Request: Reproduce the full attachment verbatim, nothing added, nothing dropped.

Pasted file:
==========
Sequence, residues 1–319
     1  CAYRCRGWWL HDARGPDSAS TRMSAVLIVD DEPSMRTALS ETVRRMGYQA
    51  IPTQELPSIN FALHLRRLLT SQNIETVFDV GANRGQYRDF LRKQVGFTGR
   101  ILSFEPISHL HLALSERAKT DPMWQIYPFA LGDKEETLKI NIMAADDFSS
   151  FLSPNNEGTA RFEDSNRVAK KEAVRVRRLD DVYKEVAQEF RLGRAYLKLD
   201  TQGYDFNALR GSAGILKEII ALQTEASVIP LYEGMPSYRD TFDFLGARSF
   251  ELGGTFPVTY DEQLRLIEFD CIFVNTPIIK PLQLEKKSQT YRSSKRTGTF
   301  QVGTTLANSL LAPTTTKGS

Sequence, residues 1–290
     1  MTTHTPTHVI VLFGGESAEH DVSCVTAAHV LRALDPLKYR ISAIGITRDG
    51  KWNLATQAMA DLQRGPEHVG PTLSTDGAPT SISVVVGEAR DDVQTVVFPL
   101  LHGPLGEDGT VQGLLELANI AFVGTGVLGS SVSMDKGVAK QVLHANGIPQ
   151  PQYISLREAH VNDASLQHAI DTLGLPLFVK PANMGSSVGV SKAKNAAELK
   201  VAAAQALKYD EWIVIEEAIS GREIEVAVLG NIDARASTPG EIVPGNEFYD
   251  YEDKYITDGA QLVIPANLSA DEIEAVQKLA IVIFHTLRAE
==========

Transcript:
Sequence, residues 1–319
     1  CAYRCRGWWL HDARGPDSAS TRMSAVLIVD DEPSMRTALS ETVRRMGYQA
    51  IPTQELPSIN FALHLRRLLT SQNIETVFDV GANRGQYRDF LRKQVGFTGR
   101  ILSFEPISHL HLALSERAKT DPMWQIYPFA LGDKEETLKI NIMAADDFSS
   151  FLSPNNEGTA RFEDSNRVAK KEAVRVRRLD DVYKEVAQEF RLGRAYLKLD
   201  TQGYDFNALR GSAGILKEII ALQTEASVIP LYEGMPSYRD TFDFLGARSF
   251  ELGGTFPVTY DEQLRLIEFD CIFVNTPIIK PLQLEKKSQT YRSSKRTGTF
   301  QVGTTLANSL LAPTTTKGS

Sequence, residues 1–290
     1  MTTHTPTHVI VLFGGESAEH DVSCVTAAHV LRALDPLKYR ISAIGITRDG
    51  KWNLATQAMA DLQRGPEHVG PTLSTDGAPT SISVVVGEAR DDVQTVVFPL
   101  LHGPLGEDGT VQGLLELANI AFVGTGVLGS SVSMDKGVAK QVLHANGIPQ
   151  PQYISLREAH VNDASLQHAI DTLGLPLFVK PANMGSSVGV SKAKNAAELK
   201  VAAAQALKYD EWIVIEEAIS GREIEVAVLG NIDARASTPG EIVPGNEFYD
   251  YEDKYITDGA QLVIPANLSA DEIEAVQKLA IVIFHTLRAE